Lats & Longs


So if GPS is just a really elaborate system for working out latitude and longitude, where do we go from there?

Honestly, I still recommend that everyone take the time to at least learn the basics of a paper chart. For one thing, if you have raster charts on your chartplotter (don’t worry, I will explain that in the coming days), it is literally just a picture of the paper chart for the same are.

One big difference between paper and electronic charts is that on the paper chart, you can’t miss the latitude and longitude lines, nor the compass rose. On some electronic charts, you can’t see them! While the numbers will eventually start to mean something to you (ie, you can ignore the warship calling out to a boat off its bow because you know that you are miles and miles away from those coordinates), as you are learning the paper charts have lots of tools to help you remember.

So how does a beginner remember which lines run which direction? One way is Jimmy Buffet. When he referred to “Changes in Latitude” he wasn’t trying to get to Europe! A more direct way to remember is that longitude lines are literally long – every single one of them runs from pole to pole. In contrast, the latitude lines that run AROUND the poles are actually quite short. If it helps, learn the British terms: they consistently refer to parallels (latitude) and meridians (aka, the Prime Meridian).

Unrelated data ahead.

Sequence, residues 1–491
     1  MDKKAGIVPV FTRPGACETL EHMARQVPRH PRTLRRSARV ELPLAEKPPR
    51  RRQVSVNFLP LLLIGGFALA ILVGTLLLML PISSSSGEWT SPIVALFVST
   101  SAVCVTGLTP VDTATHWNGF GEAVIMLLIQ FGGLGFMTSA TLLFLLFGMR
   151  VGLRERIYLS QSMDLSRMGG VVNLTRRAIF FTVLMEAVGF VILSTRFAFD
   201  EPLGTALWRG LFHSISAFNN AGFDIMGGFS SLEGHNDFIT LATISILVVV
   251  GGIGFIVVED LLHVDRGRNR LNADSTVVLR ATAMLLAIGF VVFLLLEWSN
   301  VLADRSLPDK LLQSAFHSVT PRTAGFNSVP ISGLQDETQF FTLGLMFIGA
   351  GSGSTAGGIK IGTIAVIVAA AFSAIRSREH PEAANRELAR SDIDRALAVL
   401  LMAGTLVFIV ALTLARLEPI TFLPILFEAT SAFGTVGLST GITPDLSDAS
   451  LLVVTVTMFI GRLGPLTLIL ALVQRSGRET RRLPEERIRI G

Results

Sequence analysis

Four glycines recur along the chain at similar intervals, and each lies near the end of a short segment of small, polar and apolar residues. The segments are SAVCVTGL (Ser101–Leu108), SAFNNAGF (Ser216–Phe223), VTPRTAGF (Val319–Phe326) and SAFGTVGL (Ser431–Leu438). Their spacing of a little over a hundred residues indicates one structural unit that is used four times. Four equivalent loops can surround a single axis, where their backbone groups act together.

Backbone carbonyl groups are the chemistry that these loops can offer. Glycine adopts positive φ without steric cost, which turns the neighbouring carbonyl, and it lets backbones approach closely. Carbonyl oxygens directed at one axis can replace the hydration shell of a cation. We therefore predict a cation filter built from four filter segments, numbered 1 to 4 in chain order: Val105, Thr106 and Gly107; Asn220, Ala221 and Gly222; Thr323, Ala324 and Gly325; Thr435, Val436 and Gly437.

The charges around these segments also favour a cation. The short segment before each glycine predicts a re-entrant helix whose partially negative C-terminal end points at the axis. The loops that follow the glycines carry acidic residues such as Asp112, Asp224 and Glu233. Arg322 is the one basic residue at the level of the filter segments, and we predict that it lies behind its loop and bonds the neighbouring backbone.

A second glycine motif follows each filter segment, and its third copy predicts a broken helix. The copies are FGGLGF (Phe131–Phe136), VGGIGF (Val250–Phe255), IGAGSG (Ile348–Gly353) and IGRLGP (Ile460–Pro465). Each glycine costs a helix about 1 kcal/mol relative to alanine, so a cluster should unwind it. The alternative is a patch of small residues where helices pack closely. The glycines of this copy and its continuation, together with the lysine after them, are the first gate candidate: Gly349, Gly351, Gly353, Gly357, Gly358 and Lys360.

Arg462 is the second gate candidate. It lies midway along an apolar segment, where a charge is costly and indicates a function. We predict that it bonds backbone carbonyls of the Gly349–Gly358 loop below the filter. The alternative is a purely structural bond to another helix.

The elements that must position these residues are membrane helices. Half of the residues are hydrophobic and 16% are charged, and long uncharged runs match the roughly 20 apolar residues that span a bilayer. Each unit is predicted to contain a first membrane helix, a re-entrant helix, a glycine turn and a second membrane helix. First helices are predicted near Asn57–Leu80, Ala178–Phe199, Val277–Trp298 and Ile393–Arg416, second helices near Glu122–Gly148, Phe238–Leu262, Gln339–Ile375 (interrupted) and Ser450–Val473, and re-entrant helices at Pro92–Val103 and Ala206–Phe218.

This is important to remember because it means that latitude lines are always parallel to each other. There is a standardized distance between the lines. This distance works out to 1 nautical mile per minute of latitude. There is no equivalent in longitude. these lines touch at the poles and spread out at the equator, so there is no consistency.

On a paper chart, this means that you can use the latitude markers along the side to determine distance. Often, the scale is only listed, not demonstrated, like on a paper land map. But you always have your latitude lines.

Similarly, the compass rose on a paper chart can be a wonderful learning tool for understanding the difference between true and magnetic directions (aka variation). It is literally right there, with a visual representation. No math is required to get the basic concept, although if you have a particularly old paper chart, some math may be required to be entirely accurate.


Be forewarned, a phase out of paper charts in the US has begun. NOAA is now only producing electronic charts, and you will have to request a print out. It is unclear at this point if the production of waterproof chart books will continue. However, these paper charts will continue to be an excellent learning tool, as their shear size allows you to visualize the process of navigation in a way that your tablet does not allow.

Keep safe, keep learning

Tanya Weimer